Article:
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Looking back won’t find a cure for unemployment
Too many north County store fronts are vacant. Snohomish County’s unemployment hovers at 9.4 percent, a notch below the state average 9.6 percent. Businesses and public agencies tighten belts by cutting still more jobs. Investment capital has gone into hiding, afraid of deflation and unwilling to accept meager earnings that might not match inflation. What to do?
What can anyone do? Everyone I know is waiting and watching, hoping the Feds will work something out. Call me naïve, but I don’t think it has to be this way. It could remain gloomy though, if we continue to expect someone else to bail us out.
A fact: It is easier to invent new jobs than to retrieve jobs sent overseas. They’re gone. The only reason for looking back is to understand why it happened and adjust the forces and incentives that sent the jobs away. The task now is to look to new vision, new jobs and new protections for our economy.
Old models for federally funded recovery can’t work as well as they did during the New Deal because one worker on a $100,000 machine now does the work of fifty wage-earners with picks and shovels. The money that one worker spends is quickly shunted overseas to pay for imported consumer goods instead of recirculating in our economy
Watching the situation drag on makes a lot of us feel frustrated and impotent. What can anyone do in the face of foreclosures, capital freezing up, joblessness and dim forecasts for the future? Watching corporate and organizational budgets contract by five, ten and fifteen percent is disheartening. We need some ideas that work.
People have wrestled with this before. The Internet’s TED.com lectures and performances serve as springboards for innovators, entrepreneurs and artists. TED’s sponsors seek out people of vision with cutting-edge ideas that deserve an audience. As interested movers and shakers take note of their offerings, they help the best of them to gain traction. The PBS series, “Everyday Edisons” and the July issue of “Mechanics Illustrated” echo the idea.
Looked at from another perspective, “America’s Got Talent” and “Antique Roadshow” demonstrate America’s fascination with special discoveries. Imagine advance parties seeking out fresh job-creating ideas. Juries of industrial designers, patent lawyers and venture capitalists would critique them. Care would be taken to protect the showcased intellectual properties by delaying broadcasts when legal safeguards need to be put in place.
Any major city or region could adapt the TED/Antique Roadshow formula to activating local visionaries. There are enough high-powered and open-minded TED-watchers who would like nothing better than to be on the ground floor in promoting slam-dunk good ideas. Of course there are pitfalls. From the nation’s capitol on down, well-intended schemes get tripped up because of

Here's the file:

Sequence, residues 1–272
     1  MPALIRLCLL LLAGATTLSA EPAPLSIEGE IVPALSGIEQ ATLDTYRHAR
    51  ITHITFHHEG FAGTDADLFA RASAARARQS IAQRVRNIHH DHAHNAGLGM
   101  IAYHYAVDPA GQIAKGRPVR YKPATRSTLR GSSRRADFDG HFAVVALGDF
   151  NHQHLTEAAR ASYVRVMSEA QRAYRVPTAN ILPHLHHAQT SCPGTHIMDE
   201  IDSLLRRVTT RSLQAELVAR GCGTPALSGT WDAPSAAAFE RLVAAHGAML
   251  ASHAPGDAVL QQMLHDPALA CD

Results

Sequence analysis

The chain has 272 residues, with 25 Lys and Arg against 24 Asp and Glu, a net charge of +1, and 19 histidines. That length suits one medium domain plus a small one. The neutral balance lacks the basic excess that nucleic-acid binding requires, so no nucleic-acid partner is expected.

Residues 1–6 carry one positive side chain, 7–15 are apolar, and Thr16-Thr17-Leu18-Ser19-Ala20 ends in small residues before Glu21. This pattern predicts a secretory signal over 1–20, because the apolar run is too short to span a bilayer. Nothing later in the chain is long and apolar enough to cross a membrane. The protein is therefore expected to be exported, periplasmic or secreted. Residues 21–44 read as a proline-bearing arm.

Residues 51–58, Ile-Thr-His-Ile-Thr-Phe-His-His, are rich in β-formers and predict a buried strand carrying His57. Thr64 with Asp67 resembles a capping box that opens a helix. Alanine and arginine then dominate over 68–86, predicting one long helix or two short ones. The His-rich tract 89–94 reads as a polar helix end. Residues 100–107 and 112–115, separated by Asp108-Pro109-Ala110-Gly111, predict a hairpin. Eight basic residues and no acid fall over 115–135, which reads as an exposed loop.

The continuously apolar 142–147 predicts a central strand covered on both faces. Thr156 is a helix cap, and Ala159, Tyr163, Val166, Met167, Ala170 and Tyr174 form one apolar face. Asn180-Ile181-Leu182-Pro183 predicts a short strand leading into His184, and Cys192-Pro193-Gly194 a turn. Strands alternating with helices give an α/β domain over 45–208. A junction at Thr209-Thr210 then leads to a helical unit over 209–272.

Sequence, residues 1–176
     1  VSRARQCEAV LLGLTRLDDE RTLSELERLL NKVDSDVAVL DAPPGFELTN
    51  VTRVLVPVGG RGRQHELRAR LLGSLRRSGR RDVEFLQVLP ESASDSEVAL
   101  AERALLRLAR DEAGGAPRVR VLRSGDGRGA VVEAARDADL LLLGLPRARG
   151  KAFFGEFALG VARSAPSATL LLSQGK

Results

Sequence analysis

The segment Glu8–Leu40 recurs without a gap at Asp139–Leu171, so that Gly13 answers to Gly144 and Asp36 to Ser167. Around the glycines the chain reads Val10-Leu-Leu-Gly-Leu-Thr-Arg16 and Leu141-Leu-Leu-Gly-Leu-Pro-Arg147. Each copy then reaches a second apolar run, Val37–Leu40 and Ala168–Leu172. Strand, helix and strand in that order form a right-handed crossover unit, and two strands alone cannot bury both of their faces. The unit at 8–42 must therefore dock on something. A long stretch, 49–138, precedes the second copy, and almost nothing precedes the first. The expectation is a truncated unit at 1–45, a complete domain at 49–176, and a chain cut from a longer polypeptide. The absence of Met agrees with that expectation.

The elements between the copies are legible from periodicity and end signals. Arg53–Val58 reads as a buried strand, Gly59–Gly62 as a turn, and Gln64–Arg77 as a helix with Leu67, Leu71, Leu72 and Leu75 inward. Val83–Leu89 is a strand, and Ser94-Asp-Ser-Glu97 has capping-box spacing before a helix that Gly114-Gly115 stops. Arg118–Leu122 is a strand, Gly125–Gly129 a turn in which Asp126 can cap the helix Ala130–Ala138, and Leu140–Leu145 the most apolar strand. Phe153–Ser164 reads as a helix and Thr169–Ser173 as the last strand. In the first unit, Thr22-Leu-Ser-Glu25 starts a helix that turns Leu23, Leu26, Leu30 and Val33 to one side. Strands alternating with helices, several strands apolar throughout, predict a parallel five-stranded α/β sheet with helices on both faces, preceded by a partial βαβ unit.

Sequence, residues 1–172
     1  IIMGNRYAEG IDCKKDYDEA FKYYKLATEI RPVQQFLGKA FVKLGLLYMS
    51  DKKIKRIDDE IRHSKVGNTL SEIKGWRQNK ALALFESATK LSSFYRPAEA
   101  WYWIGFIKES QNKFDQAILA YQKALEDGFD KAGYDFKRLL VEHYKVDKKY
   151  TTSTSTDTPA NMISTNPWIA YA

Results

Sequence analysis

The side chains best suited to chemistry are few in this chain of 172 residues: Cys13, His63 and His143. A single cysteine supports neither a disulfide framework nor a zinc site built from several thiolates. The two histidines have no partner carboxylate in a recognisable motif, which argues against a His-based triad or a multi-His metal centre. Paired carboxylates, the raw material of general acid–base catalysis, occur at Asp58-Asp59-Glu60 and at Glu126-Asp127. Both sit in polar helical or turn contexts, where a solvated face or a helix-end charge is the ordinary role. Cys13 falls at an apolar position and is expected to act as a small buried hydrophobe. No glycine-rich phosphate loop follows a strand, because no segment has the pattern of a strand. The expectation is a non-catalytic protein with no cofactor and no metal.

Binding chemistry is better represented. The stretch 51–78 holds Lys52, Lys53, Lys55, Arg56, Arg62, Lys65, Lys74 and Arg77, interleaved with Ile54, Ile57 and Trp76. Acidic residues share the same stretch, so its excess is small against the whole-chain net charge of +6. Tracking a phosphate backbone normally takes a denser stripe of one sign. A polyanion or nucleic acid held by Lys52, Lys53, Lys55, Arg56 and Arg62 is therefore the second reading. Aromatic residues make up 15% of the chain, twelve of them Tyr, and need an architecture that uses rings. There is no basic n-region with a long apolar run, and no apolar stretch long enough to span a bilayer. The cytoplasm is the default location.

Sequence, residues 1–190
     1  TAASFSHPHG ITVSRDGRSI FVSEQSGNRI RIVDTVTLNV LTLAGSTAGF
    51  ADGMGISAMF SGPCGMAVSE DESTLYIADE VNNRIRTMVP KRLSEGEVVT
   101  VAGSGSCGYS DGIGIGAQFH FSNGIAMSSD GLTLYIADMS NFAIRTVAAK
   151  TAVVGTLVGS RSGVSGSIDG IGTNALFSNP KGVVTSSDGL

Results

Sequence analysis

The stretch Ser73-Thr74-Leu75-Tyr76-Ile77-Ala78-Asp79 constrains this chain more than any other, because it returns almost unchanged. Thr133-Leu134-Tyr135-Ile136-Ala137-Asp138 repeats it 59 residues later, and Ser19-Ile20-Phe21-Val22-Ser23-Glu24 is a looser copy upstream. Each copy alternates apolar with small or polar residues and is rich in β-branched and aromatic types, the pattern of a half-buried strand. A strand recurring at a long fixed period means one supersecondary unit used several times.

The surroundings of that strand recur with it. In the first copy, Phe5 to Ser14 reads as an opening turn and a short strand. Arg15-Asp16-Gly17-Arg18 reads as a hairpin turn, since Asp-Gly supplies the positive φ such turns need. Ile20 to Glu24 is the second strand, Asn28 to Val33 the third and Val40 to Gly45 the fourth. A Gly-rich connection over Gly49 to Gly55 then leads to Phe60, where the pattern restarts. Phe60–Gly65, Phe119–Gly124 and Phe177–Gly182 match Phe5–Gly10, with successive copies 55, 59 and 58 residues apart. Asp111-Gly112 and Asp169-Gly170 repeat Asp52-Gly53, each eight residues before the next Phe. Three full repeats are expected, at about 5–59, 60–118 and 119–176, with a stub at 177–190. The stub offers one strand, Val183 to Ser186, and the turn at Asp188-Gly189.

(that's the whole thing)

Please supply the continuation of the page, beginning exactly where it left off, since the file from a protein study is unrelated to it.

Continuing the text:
n Failure to accurately assess need.
n Insufficient or ill-conceived planning.
n Not incorporating the right minds during planning.
n Working from too small a base of support.
n Inability to wrest financing from a stingy credit market.
Too much sits on its hands, waiting. This includes city and county councils, chambers of commerce, Rotary, Kiwanis, Lions, bankers, construction and what have you. Meanwhile, civic planners work to bring in Big-Box stores and chain restaurants to beef up their tax-bases. That’s nice but a closer look points out some flaws:
n Big-Boxes take profits out of state
n Assign decision-making to corporate headquarters.
n Grant service and maintenance contracts to non-local contractors.
n Award plant design and construction to non-local companies.
n Draw management from corporate staff, not local talent.
There is a real danger that city and county planners are defining local economies as Big-Box economies, a euphemism for economic serfdom. Though Big-Boxes are here to stay, for the sake of our communities, planners should focus even more effort on fostering the more important tier of marketing and production — innovative small business.
Small business accounts for more than half of all jobs in the private sector. The Office of Advocacy reports that 60 percent to 80 percent of the year’s new jobs were created by small businesses. Small business is where the action is. As a one-time small business owner I recall the time when my operation grew to where I had to hire a first employee. It was as though someone had just entered my life, or visa-versa. Because of me, someone had an income they didn’t have before. For me, it was a huge moment. I had made a job!
Given the shakiness of the nation’s economy, small business needs fans, sympathizers and enablers. It needs the kind of vision that’s not hinged on greed and comfort. For such a program to work, visionaries and enablers would need answers to these questions: How might a program of showcasing innovative thinking actually be brought about? What scheme would maximize the launching of good ideas into production or performance? How could inventors, to some degree, be protected from pirates? And most importantly, would such a program actually create jobs?
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